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At Home With God

“Yet he (Abraham) did not waver through unbelief regarding the promise of God, but was strengthened in his faith and gave glory to God.”  Romans 4:20

Holy God, everything I have belongs to you — my home, my car, my food, my marriage, my family. Help me to use them in service to you each day so I can proclaim Your glory and the wonderful work you have done in my life. Amen

I’d have to say one of the first obvious signs that I was submitting to God and giving Him authority over my life was years ago when my brother-in-law came to visit us and wanted to bring his girlfriend.  We had two small children and my husband and I decided we needed to model God’s morals by telling his brother that although she could come, they couldn’t sleep in the same room together.  He laughed, thinking we were joking.  But when we affirmed our decision, he asked how we could decide that when we, ourselves, had lived together before marriage.  It’s an easy answer actually.  We were now Christians with children to whom we were responsible for modeling God’s will.

Here’s the thing, Christian, it’s ok, even necessary in God’s act of progressive revelation, to change our minds.  To grow in our faith.  To set up new boundaries.  Especially in our own homes.  For Abraham, mentioned in our first verse today, he struggled to align his entire household with God.  He made bad decisions about his wife, he had to make peace among his family, he was faced with the prospect of sacrificing his son to the Lord.  But He kept moving forward in his faith.  With each step he learned more about God’s expectations of him and he guided his family and home toward God’s promises.  He set history on the right path by giving glory to God over and over. Joshua carried this forward when he assembled all the tribes of Israel.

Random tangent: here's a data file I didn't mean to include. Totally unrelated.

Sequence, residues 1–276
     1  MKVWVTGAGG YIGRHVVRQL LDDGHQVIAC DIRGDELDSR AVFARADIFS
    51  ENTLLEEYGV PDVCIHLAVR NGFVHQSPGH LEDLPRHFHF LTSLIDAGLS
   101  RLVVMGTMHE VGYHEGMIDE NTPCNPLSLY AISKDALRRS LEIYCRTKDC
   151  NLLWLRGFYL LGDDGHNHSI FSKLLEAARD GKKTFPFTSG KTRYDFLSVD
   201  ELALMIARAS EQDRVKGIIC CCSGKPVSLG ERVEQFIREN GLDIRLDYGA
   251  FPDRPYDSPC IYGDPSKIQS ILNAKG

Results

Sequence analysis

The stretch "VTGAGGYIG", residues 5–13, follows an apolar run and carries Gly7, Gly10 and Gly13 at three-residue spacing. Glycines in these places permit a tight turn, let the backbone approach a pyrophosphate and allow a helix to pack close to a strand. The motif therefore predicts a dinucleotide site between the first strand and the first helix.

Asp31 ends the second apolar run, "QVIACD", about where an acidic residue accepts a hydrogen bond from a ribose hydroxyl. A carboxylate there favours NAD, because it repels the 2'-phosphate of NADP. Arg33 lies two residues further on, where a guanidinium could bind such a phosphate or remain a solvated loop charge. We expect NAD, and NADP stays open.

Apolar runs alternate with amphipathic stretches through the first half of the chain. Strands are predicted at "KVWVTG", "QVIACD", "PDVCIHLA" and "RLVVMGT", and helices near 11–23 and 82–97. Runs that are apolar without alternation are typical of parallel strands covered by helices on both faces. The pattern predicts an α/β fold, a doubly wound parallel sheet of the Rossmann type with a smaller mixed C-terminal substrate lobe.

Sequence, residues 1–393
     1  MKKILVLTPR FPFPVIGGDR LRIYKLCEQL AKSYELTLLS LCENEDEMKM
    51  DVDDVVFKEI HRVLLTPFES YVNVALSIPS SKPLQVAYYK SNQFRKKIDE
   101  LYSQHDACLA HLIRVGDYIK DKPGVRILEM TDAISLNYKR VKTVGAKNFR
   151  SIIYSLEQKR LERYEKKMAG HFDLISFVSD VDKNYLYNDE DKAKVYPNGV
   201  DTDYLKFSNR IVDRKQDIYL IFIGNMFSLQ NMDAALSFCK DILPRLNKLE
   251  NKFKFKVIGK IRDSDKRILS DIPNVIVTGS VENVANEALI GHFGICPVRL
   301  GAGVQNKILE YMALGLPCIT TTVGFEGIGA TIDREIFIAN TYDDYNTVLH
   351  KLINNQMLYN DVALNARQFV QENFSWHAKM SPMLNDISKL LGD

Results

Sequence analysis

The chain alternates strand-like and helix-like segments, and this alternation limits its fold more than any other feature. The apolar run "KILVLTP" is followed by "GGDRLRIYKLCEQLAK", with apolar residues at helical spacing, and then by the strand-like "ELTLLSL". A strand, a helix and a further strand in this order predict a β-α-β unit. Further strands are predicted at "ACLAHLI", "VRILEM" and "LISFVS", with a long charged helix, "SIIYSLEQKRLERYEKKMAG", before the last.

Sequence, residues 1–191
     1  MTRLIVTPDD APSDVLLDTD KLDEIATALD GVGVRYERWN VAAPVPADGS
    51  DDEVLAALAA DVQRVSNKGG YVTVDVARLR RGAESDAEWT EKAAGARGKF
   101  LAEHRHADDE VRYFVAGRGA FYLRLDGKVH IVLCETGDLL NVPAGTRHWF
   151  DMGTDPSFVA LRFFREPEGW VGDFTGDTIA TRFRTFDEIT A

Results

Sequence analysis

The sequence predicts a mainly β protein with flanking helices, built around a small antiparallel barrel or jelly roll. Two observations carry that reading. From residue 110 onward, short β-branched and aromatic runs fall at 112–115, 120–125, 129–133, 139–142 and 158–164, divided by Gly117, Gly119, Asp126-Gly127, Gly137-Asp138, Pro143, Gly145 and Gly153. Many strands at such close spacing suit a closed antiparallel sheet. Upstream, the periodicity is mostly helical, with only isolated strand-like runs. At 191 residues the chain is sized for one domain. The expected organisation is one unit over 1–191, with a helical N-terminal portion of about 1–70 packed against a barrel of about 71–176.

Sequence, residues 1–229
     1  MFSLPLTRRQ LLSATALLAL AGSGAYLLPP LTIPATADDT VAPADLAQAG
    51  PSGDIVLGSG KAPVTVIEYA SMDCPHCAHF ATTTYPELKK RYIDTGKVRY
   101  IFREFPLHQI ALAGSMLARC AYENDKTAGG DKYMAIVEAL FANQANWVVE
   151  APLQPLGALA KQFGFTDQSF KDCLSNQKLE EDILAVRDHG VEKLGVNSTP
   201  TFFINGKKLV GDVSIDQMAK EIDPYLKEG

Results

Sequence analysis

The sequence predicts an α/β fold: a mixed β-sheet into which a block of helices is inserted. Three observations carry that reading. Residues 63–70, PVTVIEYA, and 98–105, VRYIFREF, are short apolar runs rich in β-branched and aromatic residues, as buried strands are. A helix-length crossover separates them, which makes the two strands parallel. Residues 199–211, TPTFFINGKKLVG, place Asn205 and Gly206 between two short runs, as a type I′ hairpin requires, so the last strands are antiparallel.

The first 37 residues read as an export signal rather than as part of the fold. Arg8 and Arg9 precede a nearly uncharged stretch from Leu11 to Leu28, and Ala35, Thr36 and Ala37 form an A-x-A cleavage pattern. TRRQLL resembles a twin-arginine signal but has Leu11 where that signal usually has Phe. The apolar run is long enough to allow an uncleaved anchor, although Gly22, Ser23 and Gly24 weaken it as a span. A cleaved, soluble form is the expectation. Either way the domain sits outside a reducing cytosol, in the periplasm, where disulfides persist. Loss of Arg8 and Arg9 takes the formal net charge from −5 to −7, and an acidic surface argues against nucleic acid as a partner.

"15 But if serving the Lord seems undesirable to you, then choose for yourselves this day whom you will serve, whether the gods your ancestors served beyond the Euphrates, or the gods of the Amorites, in whose land you are living. But as for me and my household, we will serve the Lord.” Joshua 24:15

Our home spaces are the perfect place to glorify God.  Why? Because when we stand in our home, every blessing we can see belongs to Him.  The home, apartment, tent, condo, all belong to God.  The food in the cupboards, the furnishings, the beds, the indoor (or outdoor) plumbing – yes, all belong to Him and should be used in His service to glorify Him.

My two oldest friends are unfortunately not believers.  And over these last few years I’ve had the Holy Spirit convict me of my behavior when I’m around them.  I need to show them the work God has done in me.  When they are at my house, I must model God.  That means I shouldn’t allow certain behavior or speech within the walls of my house.  I fail at times when I let myself be pulled into the world of unbelievers.  Sometimes I forget to pray over our meal, I drift into outraged political discussions, and I gossip.  My first step was realizing what I was doing doesn’t honor God.  My second step is to be more consistent in application.

Friend, if the Lord has blessed you with a comfortable place to lay your head each night, a place to make a life for your family, a home to provide hospitality to others, we need to remember it was all given for a purpose.  If we struggle to honor God in our home, how can we be expected to receive further responsibility from Him outside our homes?  So today, stand in the middle of the place you call home and proclaim it is all for His glory.

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The Well-Worn Path

Whoever dwells in the shelter of the Most High will rest in the shadow of the Almighty. Psalm 91:1

In the mid-1800s hundreds of thousands of pioneers left the comfort of their eastern homes beyond the Mississippi River and traveled West toward what we now call Oregon.  The result of those courageous pioneers is hundreds of miles of well-worn wagon wheel ruts.  In some places the gouges from the wagons extend four feet deep in the rock.  It became a symbol of being on the right path when your wagon wheels found the ruts for which to follow.  And because they were so deep it meant your wheels would stay true to that path.